The progressive response from a class-conscious labour movement cannot be unrestrained "open borders" as preached by the ultra left and Trotskyites. That is naivety. Solidarity is something that needs to go both ways. The answer can only be to welcome all class brothers from other countries, but under the condition that they show mutual solidarity and do not allow themselves to be used to weaken the social and labour rights that have been achieved.
In practice this means that they must be part of the workers’ collective. The political demand can therefore not be other than that a work permit should be authorized only to those who are employed in businesses with a CBA. This must apply regardless of whether the work force comes from the EEA/EU area or not, and it must of course also apply to the temporary work agencies. It is urgent to implement such a line, before the union movement has been so weakened that it is not able to enforce it.
Editorial in Revolution No. 48, Spring 2016.
Endnote: This editorial deals mostly with immigrant workers from the EU/EEA Area and their effect on the work force market, and less with refugees seeking asylum under international laws and conventions. The level of trade union membership is high in Norway compared to most countries in Europe. For this reason, Marxist-Leninists in other countries may have a different approach concerning the question of immigrant workers.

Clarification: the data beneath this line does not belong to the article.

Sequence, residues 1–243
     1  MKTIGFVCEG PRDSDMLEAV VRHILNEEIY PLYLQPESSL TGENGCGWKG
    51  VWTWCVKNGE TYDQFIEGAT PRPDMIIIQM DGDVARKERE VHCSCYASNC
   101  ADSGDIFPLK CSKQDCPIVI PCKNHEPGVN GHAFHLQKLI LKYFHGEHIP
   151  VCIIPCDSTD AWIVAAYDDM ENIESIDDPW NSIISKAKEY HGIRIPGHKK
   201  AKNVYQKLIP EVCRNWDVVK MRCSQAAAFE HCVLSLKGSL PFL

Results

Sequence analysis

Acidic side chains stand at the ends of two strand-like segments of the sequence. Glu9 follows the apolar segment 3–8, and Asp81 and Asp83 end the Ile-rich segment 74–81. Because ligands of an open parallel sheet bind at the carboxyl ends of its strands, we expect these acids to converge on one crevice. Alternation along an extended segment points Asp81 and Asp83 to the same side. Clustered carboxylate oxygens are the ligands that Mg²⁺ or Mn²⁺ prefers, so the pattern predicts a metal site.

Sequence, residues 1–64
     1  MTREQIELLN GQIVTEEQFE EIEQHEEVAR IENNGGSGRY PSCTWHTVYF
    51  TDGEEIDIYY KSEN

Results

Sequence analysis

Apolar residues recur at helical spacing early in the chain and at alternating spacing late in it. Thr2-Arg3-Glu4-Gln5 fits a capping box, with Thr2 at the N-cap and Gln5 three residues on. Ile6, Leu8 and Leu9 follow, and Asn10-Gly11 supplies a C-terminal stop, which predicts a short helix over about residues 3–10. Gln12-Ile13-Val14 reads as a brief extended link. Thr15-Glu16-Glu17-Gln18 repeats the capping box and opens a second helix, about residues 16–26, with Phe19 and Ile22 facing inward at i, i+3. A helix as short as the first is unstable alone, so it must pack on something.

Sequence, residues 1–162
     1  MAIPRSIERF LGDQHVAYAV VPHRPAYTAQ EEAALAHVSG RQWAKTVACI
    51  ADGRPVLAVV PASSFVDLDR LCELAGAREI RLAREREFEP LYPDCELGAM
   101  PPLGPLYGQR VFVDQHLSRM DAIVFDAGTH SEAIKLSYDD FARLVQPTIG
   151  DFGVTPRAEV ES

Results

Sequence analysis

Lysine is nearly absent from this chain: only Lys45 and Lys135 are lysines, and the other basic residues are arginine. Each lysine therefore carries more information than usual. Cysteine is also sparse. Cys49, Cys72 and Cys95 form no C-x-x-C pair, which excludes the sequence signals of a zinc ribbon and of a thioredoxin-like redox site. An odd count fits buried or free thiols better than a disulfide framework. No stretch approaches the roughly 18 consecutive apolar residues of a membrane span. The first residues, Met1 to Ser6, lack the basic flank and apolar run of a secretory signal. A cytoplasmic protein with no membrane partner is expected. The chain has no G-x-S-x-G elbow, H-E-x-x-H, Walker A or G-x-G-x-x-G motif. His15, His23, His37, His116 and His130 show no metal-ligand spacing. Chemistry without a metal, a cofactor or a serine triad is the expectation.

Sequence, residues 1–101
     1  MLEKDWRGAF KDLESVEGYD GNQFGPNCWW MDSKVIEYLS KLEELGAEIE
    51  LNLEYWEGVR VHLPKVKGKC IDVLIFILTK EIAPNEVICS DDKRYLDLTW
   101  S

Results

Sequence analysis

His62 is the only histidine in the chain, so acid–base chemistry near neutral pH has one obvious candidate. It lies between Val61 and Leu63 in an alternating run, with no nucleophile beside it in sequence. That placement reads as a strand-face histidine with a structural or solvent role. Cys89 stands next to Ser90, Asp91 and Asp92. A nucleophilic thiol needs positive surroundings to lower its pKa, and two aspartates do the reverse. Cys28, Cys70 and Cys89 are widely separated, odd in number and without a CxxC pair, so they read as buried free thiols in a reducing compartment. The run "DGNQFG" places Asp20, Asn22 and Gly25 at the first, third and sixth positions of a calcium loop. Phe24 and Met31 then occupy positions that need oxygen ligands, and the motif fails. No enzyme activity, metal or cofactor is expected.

The Progress Party (Fremskrittspartiet) is in a government coalition with the Conservative party (Høyre). It is an ultra-liberalist, populist right-wing party with a xenophobic rhetoric.
 The European Economic Area (EEA) Agreement is an extension of the European Inner Market (including free migration of labour) to non-EU countries like Norway and Iceland.
 Due to the traditional strength of the trade unions, there is no minimum wage legislation in Norway. It is the minimum CBA standards that in some sectors are universalized.